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Factors Associated With Long Wait Times for Bariatric Surgery

Alvarez, Rafael MD*; Bonham, Aaron J. MS*,†; Buda, Colleen M. PA-C*; Carlin, Arthur M. MD†,‡; Ghaferi, Amir A. MD, MS*,†; Varban, Oliver A. MD*,†

doi: 10.1097/SLA.0000000000002826
Original Article: PDF Only

Background: Despite its proven safety and efficacy, bariatric surgery is an underutilized therapy for severe obesity. Wait times for surgery are largely unexplored in the United States and may impact access to care.

Objective: To determine the amount of time between initial bariatric surgery clinic visit and operative date and identify factors associated with longer wait times.

Methods: A statewide clinical data registry was queried from 2006 to 2016 and 60,791 patients undergoing primary bariatric surgery were identified. Demographics, comorbidities, 30-day complications, and 1-year patient-reported outcomes were compared between shortest and longest wait time quartiles. Analyses were performed using Chi-square, t-test, and logistic regression.

Results: Median wait times for bariatric surgery increased from 86 to 159 days during the study period. Median wait times were ≤67 days for the shortest wait time quartile and ≥204 days for the longest wait time quartile. Factors independently associated with longer wait times included Medicaid insurance [odds ratio (OR) 3.02; 95% confidence interval (CI): 2.58–3.53], sleep apnea (OR 1.49; 95% CI: 1.41–1.58), psychological disorder (OR 1.25; 95% CI: 1.18–1.32), hyperlipidemia (OR 1.21; 95% CI: 1.14–1.28), smoking history (OR 1.11; 95% CI: 1.05–1.17), and white race (OR 0.665; 95% CI: 0.614–0.720). Preoperative weight loss, risk adjusted complication rates, postoperative self-reported weight loss, and comorbidity remission were similar between groups.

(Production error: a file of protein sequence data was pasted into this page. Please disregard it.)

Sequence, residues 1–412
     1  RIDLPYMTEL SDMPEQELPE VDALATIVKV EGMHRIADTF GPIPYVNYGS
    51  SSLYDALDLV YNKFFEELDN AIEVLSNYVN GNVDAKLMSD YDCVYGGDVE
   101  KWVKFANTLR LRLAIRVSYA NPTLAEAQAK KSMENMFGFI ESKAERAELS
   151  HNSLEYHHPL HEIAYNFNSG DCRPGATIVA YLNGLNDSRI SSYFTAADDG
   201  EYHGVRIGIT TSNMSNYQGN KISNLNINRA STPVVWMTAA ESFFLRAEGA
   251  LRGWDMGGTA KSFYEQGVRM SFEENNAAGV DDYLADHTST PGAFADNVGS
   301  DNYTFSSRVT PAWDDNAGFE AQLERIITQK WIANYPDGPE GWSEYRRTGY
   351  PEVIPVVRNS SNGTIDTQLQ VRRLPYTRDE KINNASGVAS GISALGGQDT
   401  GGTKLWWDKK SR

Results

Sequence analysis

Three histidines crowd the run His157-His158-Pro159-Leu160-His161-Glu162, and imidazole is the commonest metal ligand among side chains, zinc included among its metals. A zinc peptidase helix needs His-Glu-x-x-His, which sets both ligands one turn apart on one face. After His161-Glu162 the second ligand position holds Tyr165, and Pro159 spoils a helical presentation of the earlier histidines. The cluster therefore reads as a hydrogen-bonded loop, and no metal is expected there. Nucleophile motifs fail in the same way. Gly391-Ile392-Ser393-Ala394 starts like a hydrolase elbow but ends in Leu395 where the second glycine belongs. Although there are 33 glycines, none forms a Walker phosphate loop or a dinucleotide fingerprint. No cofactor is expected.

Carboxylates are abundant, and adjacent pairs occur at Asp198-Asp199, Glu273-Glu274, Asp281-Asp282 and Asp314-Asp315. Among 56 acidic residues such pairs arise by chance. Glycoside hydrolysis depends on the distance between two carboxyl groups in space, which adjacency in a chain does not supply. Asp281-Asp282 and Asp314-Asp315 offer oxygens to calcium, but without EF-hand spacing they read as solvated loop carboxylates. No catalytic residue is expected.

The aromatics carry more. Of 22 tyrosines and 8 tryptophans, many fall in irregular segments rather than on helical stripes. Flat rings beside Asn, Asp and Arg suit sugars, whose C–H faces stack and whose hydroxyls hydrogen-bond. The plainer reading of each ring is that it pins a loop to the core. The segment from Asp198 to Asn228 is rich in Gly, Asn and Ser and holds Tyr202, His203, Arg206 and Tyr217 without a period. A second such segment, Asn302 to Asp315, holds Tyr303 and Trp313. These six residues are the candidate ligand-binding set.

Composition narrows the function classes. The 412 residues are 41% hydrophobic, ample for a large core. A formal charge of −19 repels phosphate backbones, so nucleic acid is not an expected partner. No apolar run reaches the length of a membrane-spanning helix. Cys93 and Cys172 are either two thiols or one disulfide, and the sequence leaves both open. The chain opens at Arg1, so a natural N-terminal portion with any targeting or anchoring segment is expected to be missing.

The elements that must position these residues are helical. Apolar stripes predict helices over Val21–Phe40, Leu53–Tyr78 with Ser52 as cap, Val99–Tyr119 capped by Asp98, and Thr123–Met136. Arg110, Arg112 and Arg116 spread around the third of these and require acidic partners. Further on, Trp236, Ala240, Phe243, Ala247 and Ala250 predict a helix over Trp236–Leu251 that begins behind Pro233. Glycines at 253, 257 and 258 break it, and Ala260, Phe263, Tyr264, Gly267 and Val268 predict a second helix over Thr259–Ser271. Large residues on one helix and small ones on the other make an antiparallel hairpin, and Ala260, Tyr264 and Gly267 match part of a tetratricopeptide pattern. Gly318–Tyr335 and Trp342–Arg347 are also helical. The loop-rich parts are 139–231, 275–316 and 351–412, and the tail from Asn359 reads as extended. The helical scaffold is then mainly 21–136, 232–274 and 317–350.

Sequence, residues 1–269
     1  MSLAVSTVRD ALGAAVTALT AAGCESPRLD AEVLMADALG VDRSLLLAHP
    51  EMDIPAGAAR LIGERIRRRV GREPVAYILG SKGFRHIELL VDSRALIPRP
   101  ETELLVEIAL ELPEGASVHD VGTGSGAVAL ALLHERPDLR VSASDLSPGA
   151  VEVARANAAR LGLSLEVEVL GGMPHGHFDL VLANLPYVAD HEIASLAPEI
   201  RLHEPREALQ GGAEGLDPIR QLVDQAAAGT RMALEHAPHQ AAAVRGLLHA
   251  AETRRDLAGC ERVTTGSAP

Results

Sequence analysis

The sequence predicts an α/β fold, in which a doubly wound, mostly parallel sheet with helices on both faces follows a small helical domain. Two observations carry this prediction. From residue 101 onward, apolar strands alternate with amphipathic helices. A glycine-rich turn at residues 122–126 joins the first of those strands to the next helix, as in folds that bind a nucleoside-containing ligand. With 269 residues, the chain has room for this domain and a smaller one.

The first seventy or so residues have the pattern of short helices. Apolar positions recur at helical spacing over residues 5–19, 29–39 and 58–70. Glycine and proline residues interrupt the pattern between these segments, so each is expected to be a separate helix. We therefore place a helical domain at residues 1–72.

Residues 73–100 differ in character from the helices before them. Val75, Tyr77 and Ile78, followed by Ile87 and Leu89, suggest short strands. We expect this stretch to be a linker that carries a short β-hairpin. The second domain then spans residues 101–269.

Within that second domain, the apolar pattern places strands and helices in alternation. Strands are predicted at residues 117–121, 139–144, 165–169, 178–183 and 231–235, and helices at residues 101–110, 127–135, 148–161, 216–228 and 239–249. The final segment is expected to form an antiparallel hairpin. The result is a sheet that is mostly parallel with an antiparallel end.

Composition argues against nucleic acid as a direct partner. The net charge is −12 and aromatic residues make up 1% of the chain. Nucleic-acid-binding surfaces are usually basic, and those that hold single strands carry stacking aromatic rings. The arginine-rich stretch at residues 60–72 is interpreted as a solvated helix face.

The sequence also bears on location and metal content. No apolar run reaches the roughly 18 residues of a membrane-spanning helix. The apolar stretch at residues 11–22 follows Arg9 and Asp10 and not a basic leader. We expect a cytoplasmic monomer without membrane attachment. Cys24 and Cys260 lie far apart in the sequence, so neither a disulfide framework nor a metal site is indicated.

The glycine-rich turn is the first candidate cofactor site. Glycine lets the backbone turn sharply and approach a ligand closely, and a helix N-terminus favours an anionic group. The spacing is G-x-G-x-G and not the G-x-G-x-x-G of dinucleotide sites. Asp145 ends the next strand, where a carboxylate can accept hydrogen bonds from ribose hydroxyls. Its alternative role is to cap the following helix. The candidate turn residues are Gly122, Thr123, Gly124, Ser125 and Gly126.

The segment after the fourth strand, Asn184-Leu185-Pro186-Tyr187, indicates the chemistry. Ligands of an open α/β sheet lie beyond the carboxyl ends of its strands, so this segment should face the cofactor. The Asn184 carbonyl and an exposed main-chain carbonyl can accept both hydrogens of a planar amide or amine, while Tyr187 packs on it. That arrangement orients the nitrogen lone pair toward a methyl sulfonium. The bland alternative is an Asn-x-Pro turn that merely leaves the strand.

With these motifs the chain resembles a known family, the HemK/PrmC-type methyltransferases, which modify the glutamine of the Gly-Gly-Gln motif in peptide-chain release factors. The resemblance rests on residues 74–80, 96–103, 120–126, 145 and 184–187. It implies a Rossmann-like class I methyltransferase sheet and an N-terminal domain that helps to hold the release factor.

Conclusions: Over the past decade, eligible patients are experiencing longer wait times when pursuing bariatric surgery. Complex patients with Medicaid insurance are experiencing the longest delay despite similar outcomes and preoperative weight loss. Policies that delay surgery should be re-examined.

*Department of Surgery, University of Michigan, Ann Arbor, MI

Michigan Bariatric Surgery Collaborative, Ann Arbor, MI

Department of Surgery, Henry Ford Health System, Detroit, MI.

Reprints: Rafael Alvarez, MD, Department of Surgery, University of Michigan, 2800 Plymouth Rd. Building 20 201W, Ann Arbor, MI 48109. E-mail:

The study was supported by a longitudinal research contract from Blue Cross Blue Shield of Michigan and Ruth L. Kirschstein National Research Service Award (T32) grant awarded to Dr. Justin B. Dimick through the National Institutes of Health (1T32DK108740-01).

The authors declare no conflict of interests.

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